Aquaculture for all

The Nature of AquacultureA tale of two cities

Water quality Oysters +5 more

How Hong Kong is working to maintain an 800-year-old oyster farming tradition and work with Shenzhen to restore Deep Bay.

by Conservation strategy director, The Nature Conservancy
Lulu Zhou thumbnail

Deep Bay is a shallow and narrow large bay, uniquely situated on the border between Hong Kong and Shenzhen, both mega-cities with millions of residents and home to global financial and tech giants.

An oyster farmer in Deep Bay

© Kyle Oberman

Some may be curious why The Nature Conservancy (TNC), an environmental conservation organisation, chooses to work in the large cities of Hong Kong and Shenzhen; particularly in the practice of marine aquaculture. Both Hong Kong and Shenzhen are important parts of the Pearl River Delta – a place where the biodiversity-rich estuaries have supported the lives of the coastal communities for thousands of years, before the advent of industrialisation claimed much of the natural shorelines for development. This significant development resulted in substantial water-quality issues and pollution within Deep Bay – so much so that Shenzhen completely banned oyster aquaculture in Shenzhen Bay (the western half of Deep Bay) about 20 years ago.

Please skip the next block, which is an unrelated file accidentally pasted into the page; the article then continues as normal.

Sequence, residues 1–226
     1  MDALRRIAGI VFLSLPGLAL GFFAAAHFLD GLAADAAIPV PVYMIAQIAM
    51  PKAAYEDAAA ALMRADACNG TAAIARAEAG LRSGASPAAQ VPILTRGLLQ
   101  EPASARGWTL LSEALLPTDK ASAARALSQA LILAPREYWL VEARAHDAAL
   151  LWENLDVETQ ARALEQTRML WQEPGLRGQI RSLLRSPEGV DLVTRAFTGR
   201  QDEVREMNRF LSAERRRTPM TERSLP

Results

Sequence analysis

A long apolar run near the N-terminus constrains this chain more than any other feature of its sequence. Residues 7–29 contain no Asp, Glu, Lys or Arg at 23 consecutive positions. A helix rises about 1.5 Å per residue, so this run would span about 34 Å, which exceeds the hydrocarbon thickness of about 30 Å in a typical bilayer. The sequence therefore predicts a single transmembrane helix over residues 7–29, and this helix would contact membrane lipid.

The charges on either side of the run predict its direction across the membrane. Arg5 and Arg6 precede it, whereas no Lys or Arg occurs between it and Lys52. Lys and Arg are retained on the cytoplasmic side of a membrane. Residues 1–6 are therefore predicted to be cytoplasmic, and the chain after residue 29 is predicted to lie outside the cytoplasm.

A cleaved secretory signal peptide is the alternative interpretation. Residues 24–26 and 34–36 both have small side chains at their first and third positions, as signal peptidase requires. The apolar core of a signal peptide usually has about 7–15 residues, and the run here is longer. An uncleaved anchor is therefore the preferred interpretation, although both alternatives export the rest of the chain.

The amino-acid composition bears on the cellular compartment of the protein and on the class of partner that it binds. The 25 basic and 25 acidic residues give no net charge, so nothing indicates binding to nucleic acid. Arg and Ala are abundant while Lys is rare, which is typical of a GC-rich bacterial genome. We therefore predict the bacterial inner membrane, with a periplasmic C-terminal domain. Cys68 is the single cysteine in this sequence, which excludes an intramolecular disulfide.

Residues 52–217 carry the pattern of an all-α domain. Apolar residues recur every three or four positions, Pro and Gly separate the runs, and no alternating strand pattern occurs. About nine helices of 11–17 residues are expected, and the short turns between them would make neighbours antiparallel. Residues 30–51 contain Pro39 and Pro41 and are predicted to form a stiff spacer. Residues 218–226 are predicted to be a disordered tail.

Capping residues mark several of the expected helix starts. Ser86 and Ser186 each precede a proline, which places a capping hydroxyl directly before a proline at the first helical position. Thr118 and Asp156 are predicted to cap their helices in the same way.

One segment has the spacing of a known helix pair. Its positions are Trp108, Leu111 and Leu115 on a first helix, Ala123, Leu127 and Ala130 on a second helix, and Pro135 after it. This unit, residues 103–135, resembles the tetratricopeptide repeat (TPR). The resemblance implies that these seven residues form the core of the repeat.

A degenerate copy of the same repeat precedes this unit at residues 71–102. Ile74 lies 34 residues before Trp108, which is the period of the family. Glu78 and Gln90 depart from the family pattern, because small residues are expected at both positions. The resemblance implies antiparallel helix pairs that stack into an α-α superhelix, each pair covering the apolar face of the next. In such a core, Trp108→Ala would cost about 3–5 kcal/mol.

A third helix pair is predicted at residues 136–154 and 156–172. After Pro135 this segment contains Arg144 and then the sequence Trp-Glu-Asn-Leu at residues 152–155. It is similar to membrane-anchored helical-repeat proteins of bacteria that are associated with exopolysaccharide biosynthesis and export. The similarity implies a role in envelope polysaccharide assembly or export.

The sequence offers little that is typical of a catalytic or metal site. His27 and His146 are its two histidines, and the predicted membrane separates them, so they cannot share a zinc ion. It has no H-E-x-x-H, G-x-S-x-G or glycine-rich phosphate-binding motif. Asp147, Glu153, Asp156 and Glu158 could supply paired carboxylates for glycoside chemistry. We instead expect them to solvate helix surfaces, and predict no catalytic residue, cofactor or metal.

However, the Chinese central government has been engaging in a re-strategising process and has a new focus on sustainable development – with ecological restoration and protection rising as a priority within its overall agenda. Hong Kong has shut down numerous pig farms and factories in order to reduce pollution into Deep Bay as well. Shenzhen and Hong Kong have established nature reserves on both sides of Deep Bay – Shenzhen Mangrove Nature Reserve and Mai Po Nature Reserve – to serve as sanctuaries for migratory birds and to preserve the remaining estuary habitats. The two cities have been carrying out joint water-quality monitoring in Deep Bay and the border river, which serves as a major freshwater input to Deep Bay, and engaging in training programmes and projects to improve the environmental integrity of the area.